NEW YORK – Subaru dramatically and pseudo-seismically introduces its sixth-generation 2020 Outback at the New York International Auto show.
For the debut, the midsize CUV rises from the opening of a scaled-down faux crater in a staging area that resembles a U.S. National Park setting, including a “welcome center” canopy made from hewn logs.
“It’s a one-of-a-kind display,” says Subaru of America President Tom Doll.
Of the sixth-generation vehicle itself, he calls it, “the most adventurous, most reliable and most technologically advanced Outback ever.”
The Japanese brand introduced the CUV 25 years ago. Since then it has caught on with outdoors enthusiasts. Subaru has both promoted and plugged into that customer segment, donating $68 million over the years to the National Parks Service.
For the first time since 2009, the Outback lineup offers a turbocharged engine. Standard on XT models, the 2.4L turbocharged Boxer engine delivers 260 hp at 5,600 rpm and 277 lb.-ft. (374 Nm) of torque at 2,000 rpm.
The standard naturally aspirated 2.5-liter Boxer with direct injection (and nearly 90% of its parts new) delivers 182 hp at 5,800 rpm and 176 lb.-ft. (237 Nm) of torque at 4,400 rpm.
The vehicle comes standard with Subaru’s Symmetrical All-Wheel Drive as well as EyeSight Driver Assist Technology designed to combat driver distraction.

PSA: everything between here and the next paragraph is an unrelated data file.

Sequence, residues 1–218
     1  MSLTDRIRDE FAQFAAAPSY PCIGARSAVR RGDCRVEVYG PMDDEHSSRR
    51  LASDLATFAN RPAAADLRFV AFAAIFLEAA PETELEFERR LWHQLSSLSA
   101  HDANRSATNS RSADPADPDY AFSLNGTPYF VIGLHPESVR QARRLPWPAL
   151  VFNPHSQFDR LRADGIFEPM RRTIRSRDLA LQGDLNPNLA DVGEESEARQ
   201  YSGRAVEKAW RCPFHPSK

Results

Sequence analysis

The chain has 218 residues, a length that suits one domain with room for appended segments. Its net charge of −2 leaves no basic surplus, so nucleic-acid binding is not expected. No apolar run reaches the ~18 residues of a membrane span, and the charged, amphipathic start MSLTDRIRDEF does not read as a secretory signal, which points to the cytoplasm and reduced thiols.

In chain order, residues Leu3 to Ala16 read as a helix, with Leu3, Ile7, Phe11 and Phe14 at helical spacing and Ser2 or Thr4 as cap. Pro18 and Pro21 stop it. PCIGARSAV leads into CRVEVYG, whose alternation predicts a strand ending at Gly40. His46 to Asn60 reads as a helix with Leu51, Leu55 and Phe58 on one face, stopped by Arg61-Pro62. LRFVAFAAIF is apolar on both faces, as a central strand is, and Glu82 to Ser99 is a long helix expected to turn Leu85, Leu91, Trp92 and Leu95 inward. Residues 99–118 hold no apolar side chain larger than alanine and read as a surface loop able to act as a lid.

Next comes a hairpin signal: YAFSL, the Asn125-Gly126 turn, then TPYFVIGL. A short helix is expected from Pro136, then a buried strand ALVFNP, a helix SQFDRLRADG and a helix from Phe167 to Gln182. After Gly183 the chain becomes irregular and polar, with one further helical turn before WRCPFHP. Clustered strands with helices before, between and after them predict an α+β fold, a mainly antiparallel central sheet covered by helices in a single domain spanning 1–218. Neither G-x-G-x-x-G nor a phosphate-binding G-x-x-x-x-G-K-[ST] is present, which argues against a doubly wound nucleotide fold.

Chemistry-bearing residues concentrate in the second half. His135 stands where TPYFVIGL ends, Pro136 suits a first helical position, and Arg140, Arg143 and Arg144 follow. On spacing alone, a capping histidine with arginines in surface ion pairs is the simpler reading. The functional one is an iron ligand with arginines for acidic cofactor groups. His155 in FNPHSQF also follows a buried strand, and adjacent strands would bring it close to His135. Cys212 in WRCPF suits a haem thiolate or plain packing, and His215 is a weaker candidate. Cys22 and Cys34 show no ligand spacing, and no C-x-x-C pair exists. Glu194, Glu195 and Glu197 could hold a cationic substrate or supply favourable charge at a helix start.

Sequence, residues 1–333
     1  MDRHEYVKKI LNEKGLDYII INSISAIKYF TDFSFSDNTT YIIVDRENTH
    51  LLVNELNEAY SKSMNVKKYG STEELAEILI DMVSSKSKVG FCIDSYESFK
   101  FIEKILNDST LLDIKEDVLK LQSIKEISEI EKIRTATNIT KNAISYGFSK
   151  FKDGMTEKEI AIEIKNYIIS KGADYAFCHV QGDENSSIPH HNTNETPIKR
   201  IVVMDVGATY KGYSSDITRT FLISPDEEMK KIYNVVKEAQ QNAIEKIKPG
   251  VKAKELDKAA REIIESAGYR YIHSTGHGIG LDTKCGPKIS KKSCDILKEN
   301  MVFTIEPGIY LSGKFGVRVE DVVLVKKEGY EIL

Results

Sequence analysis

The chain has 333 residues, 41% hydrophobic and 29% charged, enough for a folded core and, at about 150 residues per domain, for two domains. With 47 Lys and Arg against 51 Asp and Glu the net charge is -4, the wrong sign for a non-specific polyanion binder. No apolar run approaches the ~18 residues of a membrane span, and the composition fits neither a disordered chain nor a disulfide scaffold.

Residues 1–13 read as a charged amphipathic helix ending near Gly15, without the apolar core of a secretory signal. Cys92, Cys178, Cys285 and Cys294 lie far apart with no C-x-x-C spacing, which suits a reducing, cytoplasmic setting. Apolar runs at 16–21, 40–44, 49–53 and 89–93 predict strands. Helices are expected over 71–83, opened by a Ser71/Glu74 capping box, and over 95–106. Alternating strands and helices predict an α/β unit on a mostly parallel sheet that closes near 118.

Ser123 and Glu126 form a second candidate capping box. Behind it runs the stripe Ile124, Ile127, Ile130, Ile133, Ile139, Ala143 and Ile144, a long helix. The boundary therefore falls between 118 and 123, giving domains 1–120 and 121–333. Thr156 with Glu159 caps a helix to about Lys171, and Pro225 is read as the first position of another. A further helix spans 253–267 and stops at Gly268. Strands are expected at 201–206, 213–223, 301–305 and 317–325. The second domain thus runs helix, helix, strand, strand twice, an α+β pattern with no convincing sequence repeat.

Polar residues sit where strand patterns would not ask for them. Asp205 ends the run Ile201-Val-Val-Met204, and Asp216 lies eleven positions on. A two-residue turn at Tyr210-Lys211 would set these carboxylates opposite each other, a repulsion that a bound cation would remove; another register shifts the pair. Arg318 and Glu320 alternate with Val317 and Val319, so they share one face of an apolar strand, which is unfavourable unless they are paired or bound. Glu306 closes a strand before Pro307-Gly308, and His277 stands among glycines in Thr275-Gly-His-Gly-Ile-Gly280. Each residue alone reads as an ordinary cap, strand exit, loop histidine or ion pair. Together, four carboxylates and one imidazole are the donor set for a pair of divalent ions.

All models are paired with a Lineartronic CVT featuring an 8-speed manual mode function with steering wheel paddle shifters.
The 2.4-liter turbo delivers a 3,500-lb. (1,522 kg) towing capacity, the most ever for an Outback.
Built at Subaru’s Lafayette, IN, plant on the Subaru Global Platform, the Outback will be available in Base, Premium, Limited, Touring, Onyx Edition XT, Limited XT and Touring XT models.
The platform is designed to provide a car-like drive with reduced noise, vibration and harshness.
Subaru says ground clearance of 8.7 in. (221 mm) is more than many CUVs, yet at the same time maintains a low step-in height. That feature attracts many consumers to CUVs overall.
The Outback follows a Subaru-dubbed “Dynamic x Solid” philosophy and is anchored to an “Active x Tough” concept. The automaker calls it a rugged and functional design that appeals to people with active lifestyles.
The new model includes thicker profile panel surfaces, wider fenders, a hexagonal grille, front cladding and LED fog lights. Side cladding is meant to resemble a hiking boot.
Pricing will be announced closer to when dealers start selling the vehicle this fall.
Wards Intelligence data shows Subaru delivered 178,854 Outbacks last year, a 5.3% decrease from 2018.
Doll says the drop partly is due to a manufacturing build-down to make way for the new model and partly to the automaker introducing its redone Forester CUV last year.